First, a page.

Let me preface this by saying I feel incredibly blessed to be able to do the work that I do. I’ve dreamed of being on the front lines of breaking news for as long as I can remember. As a visibly Muslim female journalist, I am processing the political events unfolding before me, as well as my role in portraying them in our national broadcast. I know that my perspective is an important and underrepresented one.
At any given time, I am the only person of color in my office. We are a foreign bureau, an international network here in the States. Due to COVID, we keep our office numbers small, anywhere between 6 and 15 people. I am always the only person of color as well as the only person under 30. Because of this, I always have moments of self doubt. But I know it’s absolutely crucial to have people of color - and voices of color- in the media. Let me take you back to November 7th, 2020 --
When I was covering the Presidential Election results in Philadelphia, I was on a crew with two men and a security detail: one was of South-Asian descent, but the other two were White, straight and had histories of military service. After the race had been called for President-Elect Biden, we raced to stand by Philadelphia's city hall and watch the reaction. There had been a small pro-Trump demonstration already planned for that day, and we could already see a handful of Trump signs, MAGA hats and American flags. The group was playing a medley of the greatest hits of the 70s and 80s on a pair of loudspeakers. Across from them -- a crowd at least 10 times the size. People laughing, dancing, hugging and crying, celebrating the long awaited victory. Since they didn’t have any speakers of their own, they simply danced along with the music provided by Trump’s supporters, which only seemed to anger them more.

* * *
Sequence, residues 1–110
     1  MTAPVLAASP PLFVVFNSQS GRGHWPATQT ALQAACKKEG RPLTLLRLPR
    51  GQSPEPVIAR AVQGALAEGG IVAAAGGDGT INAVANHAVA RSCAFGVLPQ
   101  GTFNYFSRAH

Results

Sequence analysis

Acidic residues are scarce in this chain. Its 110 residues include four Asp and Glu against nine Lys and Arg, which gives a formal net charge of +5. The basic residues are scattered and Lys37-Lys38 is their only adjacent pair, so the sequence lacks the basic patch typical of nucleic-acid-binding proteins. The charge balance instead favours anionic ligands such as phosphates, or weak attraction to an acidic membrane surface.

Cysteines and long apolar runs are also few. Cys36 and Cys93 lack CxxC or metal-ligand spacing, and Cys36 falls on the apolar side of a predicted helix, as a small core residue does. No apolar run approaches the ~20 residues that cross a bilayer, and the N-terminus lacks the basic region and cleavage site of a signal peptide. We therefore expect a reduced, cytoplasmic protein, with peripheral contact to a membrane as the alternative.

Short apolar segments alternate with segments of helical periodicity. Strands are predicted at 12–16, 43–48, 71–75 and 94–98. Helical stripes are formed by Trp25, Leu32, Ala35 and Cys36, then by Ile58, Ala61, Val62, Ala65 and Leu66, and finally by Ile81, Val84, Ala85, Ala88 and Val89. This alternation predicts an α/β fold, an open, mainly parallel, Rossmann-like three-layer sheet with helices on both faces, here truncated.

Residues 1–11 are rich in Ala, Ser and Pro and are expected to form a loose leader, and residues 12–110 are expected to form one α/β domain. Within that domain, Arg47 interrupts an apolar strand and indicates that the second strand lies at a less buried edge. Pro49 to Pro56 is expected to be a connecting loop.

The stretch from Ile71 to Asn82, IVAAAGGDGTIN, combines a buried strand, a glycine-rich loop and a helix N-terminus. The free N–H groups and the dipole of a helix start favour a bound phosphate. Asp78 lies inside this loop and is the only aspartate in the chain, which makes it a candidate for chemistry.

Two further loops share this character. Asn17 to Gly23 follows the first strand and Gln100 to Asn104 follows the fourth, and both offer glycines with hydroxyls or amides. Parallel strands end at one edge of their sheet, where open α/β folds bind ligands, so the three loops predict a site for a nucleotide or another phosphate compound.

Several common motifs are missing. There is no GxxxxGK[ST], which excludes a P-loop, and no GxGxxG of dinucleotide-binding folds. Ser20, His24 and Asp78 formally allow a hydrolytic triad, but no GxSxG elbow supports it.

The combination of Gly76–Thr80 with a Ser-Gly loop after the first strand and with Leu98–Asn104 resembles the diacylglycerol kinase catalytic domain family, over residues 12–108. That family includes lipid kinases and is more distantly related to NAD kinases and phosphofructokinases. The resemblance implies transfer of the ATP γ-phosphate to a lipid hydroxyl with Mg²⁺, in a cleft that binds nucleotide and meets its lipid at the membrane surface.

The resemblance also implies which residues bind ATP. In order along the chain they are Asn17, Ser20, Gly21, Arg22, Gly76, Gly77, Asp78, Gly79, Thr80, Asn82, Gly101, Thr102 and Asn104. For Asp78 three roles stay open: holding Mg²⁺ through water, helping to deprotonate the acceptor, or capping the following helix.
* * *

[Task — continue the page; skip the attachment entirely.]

Then, the National Anthem came on. And everyone, no matter the side of the aisle, no matter who’s name they checked on the ballot or their age, race, religion or gender, stopped to sing along. It amazed us. Every word, every note -- every single person out there on November 7th sang along.
“See?” I said to my coworkers. “This, we all have in common.”
“Then why doesn’t this side have any American flags?” One of my colleagues responded, motioning towards the larger group.
I stopped. How do we begin to explain what the American flag means to us, as people of color?
The symbol of a country that does not support us, does not pretend to love us, and that we cannot even protest by peacefully taking a knee? A symbol that has been appropriated by the right side of the aisle to be exclusive, whitewashed and hateful?
But I couldn’t say that. How could I even begin?
I was reminded of how badly the American flag has been desecrated as I watched rioters storm the Capitol this week, fuelled and incited by their President. We saw every form of the flag: hats, scarves, mittens, phone cases, capes -- just a sea of red, white and blue marching up to the Capitol from the National Mall. Red, White and Blue storming the Capitol, the very symbol of American democracy and exceptionalism, like a monster eating it’s own flesh. As the hours and days after the attack passed, I heard Republican after Republican speak about how sick they felt to see the flag they loved so dearly wave as these deranged Trumpers attacked the Capitol. And I felt a twinge of frustration. Supporters of the Left do not carry the American flag because this is what it’s become a symbol of; destruction for a President who does not care if the entire country burns to the ground with him. It no longer represents the men and women who love and fight for this country. And for many people of color in this country, it never did. Will my white counterparts ever fully understand what the flag means to minorities in the States? Probably not. They got a small insight into our perspective this week, and they couldn’t stand it. What happened on Wednesday was not a surprise to me, or any other person who has been paying attention to the escalation in rhetoric over the last four years.